The Taittiriya Upanishad

Joy and fear have their play in every human life, and our natural tendency is to seek and increase that which makes us happy, and free ourselves from that which causes fear. The Taittiriya Upanishad is like a manual of the means to banish fear and secure the joy of lasting fulfilment. Its three sections focus on, first, good conduct, without which no happiness is possible; a knowledge of the world, and of the deeper reality that underlies it; and, finally, a sequence of meditations that lead to the realisation of our oneness with that reality.

It is through knowledge that we are freed from fear, the knowledge of absolute truth, and it is also knowledge uncovered in the depths of our being that reveals to us the joy intrinsic to our own nature.

Alongside the teachings on good conduct—which includes truthfulness, magnanimity, self-control, and ongoing diligence in the matter of learning and teaching, comes the need for a ‘unitive outlook’, a conviction and intuitive understanding that all is a phenomenal expression of one great reality, and this should be expressed in our unitive and all-embracing warmth of attitude to all. The following chant transcends conventional benevolence and points to the highest realisation. The language is metaphorical, since ultimate truth cannot be expressed in words:

I am the invigorator of the tree of the world.
My fame is high like the ridge of a mountain.
My source is the pure Brahman.
I am like that pure reality of the self that is in the sun.
I am the effulgent wealth. I am possessed of a fine intellect,
and am immortal and undecaying. (1:10:1)

Being free from qualities, the supreme reality is, strictly speaking, nameless and unnameable. Nonetheless, in the Upanishads, there is a name that is used to indicate this principle for purposes of teaching and meditation. That name is Brahman, denoting such meanings as the Absolute, perfection, freedom from all limitations, the All. The universality of Brahman is not essentially different from the universality of our innermost and real Self, and another word, Atman, is used for the reality in relation to the individual. The key point is that Atman, the true Self, is not other than Brahman, the Absolute.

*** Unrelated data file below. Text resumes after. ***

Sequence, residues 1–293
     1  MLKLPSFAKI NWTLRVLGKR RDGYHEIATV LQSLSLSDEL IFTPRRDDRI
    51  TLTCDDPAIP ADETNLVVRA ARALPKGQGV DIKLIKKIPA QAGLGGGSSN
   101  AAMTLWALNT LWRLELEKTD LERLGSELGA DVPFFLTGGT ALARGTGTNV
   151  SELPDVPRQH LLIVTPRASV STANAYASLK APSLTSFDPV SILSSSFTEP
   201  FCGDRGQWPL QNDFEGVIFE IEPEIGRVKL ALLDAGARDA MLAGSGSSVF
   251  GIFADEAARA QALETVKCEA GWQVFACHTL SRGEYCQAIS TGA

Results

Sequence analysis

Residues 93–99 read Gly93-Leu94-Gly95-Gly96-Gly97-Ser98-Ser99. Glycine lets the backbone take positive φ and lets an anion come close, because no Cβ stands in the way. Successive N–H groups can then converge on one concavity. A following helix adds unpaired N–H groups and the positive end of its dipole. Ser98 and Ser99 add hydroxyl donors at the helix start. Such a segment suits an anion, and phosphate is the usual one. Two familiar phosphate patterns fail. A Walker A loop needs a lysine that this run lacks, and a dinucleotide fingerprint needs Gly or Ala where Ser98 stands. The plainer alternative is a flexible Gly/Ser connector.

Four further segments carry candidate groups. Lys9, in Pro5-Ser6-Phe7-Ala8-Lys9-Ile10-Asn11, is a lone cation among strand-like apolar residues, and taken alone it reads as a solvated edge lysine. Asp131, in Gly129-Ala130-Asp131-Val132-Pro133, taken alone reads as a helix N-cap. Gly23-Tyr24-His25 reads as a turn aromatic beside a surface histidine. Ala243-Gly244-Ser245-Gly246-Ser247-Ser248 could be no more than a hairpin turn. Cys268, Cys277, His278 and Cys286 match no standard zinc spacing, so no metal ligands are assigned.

To speak in the language of religion and theology, Brahman may be equated with the purest ideas associated with the supreme deity or God. Brahman or Atman is the true being underlying both the self and the world. In many ways the Taittiriya Upanishad depicts Brahman as the supreme creative power and cause of all, that from which the universe emanates, by which it is sustained, and into which it will finally be withdrawn. It is the ‘self-creator’ who projected the universe of ‘names and forms’ out of itself, and is ever the real substratum underlying the ultimately unreal world-appearance.

But the teachings that speak of Brahman as world creator do not throw light on the nature of Brahman itself. Such teachings indicate the omnipotence of the supreme being in relation to the phenomenal universe, but more guidance, so to say, is needed if we are to make progress towards direct experience of reality.

It is the Taittiriya Upanishad where we find the phrase satyam-jnanam-anantam-brahman, which can be translated as ‘the absolute is pure being or truth (satyam), intuitive knowledge (jnanam) and infinity (anantam). These words are similar to the more widely used expression: ‘sat-chit-ananda’, which means ‘existence-consciousness-bliss’.

We now have a statement which serves as a definition of Brahman in so far as the human mind can aspire to reflect on that which transcends the limits of the mind.

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This article is from the Spring  issue of Self-Knowledge Journal.